On Saturday afternoon a man was standing in Congress Square with a sign that read, "No on 1," meaning "Question 1," on the election ballot which would legalize gay-marriage in the state of Maine.
I was feeling rather bold I guess, because I approached the man (who was standing where the Christian fundamentalist "Preacher" and his clan usually chant every evening) and politely asked him if he was married. He told me he was. I then asked how same-sex couples getting married would personally affect his heterosexual marriage. He responded with a litany of falsehoods, inaccuracies and outright illogical arguments.
First, he told me that allowing same-sex marriage is a legal issue because such a law would be in direct defiance of the law prohibiting same-sex marriage. Except that the state of Maine currently has no such law.
While same-sex marriage is not, as of this moment, legal in Maine, the state has not amended its constitution--as many other states have--explicitly banning marriages of gay couples. (North Carolina passed such an amendment to its state constitution earlier this year.) In other words, the way our state constitution currently stands, even if "Question 1" fails at the polls this November, same-sex marriage supporters could still make another bid for equal rights in the future.
Next he told me that the Constitution is the "law of God" and was inspired by Christian gospel. This is, of course, nonsense. In fact, the only mention of "religion" anywhere in the U.S. Constitution is in the First Amendment which states, "Congress shall make no law respecting an establishment of religion or prohibiting the free exercise thereof..."
Finally, the man told me if gay-marriage is allowed, then other "extreme" (his exact word) acts would follow, like public nudity becoming acceptable (his actual example). "I don't want my kids to walk down the street seeing men and women naked," he told me. He then went on to blame homosexuality for the spread of AIDS and broken marriages.
But wait--it gets better.
This person also told me that he once was gay himself, but "found God" and realized the error of his "sins." So this fool is actually just a gay man in denial which, honestly, almost makes me feel bad for him. (Almost.)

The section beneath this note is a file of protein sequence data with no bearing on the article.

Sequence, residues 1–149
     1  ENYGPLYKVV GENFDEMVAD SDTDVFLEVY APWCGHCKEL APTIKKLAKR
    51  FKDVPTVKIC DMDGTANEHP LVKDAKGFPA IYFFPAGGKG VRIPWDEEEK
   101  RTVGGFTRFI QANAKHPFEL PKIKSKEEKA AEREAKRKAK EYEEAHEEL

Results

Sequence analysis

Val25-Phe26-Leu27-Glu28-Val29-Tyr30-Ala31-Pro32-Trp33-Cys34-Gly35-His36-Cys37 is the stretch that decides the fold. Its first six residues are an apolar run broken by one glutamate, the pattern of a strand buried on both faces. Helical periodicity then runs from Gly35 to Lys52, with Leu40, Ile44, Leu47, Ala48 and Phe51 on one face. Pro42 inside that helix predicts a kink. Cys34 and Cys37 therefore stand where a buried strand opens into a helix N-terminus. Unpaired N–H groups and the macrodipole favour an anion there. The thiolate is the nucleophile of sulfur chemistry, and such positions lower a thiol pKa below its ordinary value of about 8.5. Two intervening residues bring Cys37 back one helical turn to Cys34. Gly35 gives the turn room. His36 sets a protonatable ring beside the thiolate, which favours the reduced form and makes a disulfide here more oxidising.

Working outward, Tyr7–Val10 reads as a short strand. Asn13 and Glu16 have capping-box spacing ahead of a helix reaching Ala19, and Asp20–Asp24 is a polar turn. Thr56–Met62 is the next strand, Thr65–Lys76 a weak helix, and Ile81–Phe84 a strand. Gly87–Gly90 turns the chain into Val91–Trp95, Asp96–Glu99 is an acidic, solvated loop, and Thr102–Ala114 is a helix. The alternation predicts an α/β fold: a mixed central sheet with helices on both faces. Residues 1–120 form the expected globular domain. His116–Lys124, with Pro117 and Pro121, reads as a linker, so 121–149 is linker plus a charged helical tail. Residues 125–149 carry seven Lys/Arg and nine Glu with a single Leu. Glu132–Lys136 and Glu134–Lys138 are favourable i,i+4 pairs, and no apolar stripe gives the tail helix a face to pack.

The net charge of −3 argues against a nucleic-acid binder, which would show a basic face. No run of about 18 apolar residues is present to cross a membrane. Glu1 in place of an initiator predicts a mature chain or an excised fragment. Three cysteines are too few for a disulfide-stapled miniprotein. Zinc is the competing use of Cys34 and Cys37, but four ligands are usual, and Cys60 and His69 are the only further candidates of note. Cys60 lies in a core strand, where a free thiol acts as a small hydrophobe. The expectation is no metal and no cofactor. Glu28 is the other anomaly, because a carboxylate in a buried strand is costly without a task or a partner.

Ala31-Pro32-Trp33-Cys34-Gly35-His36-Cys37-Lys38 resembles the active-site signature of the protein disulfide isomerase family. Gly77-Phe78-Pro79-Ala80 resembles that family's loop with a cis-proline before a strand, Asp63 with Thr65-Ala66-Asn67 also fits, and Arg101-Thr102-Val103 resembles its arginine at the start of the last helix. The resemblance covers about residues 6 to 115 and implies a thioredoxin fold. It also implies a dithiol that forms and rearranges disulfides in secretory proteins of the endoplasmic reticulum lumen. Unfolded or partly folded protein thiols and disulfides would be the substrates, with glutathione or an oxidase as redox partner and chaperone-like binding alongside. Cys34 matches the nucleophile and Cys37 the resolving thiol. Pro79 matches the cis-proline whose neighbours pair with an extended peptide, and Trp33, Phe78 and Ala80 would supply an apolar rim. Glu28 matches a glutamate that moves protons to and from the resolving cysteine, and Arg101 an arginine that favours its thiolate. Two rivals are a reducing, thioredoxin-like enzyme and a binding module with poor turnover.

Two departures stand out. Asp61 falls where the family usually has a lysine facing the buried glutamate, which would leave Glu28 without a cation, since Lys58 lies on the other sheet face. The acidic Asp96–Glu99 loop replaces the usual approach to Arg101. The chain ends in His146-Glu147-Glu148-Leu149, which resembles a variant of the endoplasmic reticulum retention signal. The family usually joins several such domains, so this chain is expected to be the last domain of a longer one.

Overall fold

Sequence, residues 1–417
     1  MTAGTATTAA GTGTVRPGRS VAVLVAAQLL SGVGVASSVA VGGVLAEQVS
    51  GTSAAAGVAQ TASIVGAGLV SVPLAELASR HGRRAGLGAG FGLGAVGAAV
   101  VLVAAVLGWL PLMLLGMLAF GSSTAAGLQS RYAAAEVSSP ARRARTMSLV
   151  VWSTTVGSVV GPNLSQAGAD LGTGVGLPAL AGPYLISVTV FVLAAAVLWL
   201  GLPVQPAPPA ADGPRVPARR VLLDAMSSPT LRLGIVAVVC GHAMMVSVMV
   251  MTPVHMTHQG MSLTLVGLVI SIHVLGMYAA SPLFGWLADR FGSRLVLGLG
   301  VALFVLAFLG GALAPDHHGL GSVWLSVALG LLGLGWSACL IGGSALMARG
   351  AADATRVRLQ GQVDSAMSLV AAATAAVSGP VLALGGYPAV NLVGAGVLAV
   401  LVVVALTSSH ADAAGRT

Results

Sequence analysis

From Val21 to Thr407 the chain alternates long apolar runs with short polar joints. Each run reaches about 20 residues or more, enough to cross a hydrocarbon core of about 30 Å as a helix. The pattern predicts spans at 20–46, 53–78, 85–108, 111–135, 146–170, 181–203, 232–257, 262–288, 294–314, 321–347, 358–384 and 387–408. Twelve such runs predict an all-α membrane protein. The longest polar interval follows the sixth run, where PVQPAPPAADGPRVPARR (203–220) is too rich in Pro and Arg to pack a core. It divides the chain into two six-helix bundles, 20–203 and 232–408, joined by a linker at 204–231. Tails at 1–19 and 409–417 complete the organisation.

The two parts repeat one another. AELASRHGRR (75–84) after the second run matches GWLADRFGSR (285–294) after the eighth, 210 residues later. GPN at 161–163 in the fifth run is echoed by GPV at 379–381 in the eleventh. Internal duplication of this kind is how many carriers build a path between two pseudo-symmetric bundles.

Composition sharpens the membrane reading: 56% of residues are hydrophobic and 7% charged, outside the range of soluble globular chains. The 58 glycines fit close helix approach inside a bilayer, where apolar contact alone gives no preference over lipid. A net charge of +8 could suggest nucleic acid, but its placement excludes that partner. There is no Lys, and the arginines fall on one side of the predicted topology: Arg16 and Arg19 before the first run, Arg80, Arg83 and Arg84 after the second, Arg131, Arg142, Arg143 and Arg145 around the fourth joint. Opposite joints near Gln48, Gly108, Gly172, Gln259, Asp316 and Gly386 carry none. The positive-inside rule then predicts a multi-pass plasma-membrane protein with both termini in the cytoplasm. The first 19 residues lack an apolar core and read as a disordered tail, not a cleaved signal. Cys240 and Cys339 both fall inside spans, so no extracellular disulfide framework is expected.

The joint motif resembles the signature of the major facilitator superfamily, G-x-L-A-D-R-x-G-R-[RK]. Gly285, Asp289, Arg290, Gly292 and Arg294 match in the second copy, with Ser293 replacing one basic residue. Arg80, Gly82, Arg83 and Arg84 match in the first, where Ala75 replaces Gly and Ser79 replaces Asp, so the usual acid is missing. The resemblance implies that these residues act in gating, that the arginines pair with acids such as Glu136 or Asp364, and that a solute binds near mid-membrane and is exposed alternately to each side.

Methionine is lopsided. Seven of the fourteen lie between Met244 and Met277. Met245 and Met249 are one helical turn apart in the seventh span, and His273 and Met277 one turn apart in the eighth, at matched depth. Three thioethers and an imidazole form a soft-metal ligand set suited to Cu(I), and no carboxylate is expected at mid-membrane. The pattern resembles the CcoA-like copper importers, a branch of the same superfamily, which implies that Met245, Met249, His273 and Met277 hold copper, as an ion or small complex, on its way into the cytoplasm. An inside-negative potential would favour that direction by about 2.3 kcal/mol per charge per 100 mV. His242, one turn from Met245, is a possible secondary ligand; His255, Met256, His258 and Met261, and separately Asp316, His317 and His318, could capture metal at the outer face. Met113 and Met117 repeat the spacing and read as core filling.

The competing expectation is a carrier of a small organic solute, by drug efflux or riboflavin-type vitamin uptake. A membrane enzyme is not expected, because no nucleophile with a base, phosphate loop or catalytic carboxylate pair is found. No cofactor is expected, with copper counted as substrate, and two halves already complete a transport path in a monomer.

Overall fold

I continued to argue with him, remaining calm and respectful the entire time. But, as you can see, nothing this man said was grounded in anything resembling reality. He argued the Bible is "fact," to which I countered, "No. Gravity is a fact. The Bible is a book." He remained unpersuaded.
I eventually abandoned the conversation--not that I harbored any notion I could change this man or at least offer some critical counter arguments to his message. I did not. I merely wanted to try to get a better understanding of why bigots such as this individual think the way they do. All I came away with, however, was that this person is extremely ignorant, uneducated and misinformed. As I was leaving some haggard looking man walked over to the sign-holder and said, "Yeah! I agree!" Then he asked, "What's '1'?" (This guy was, in retrospect, probably drunk.)
When the sign-holder told him it's about "same-sex marriage," the other man asked (again, his exact words), "What's that? Is it like having sex without a rubber?"
If people wonder why I am often so resentful of the overall lack of education in this country, it is because such ignorance leads directly to hateful speech such as this.
Here's hoping Mainers do the right thing and pass "Question 1" next month if only to stick-it to intolerant hatemongers such as this moron.
Portland Green, Tom MacMillan, a candidate for Maine House of Representatives, District #118
at a recent rally in support of gay marriage.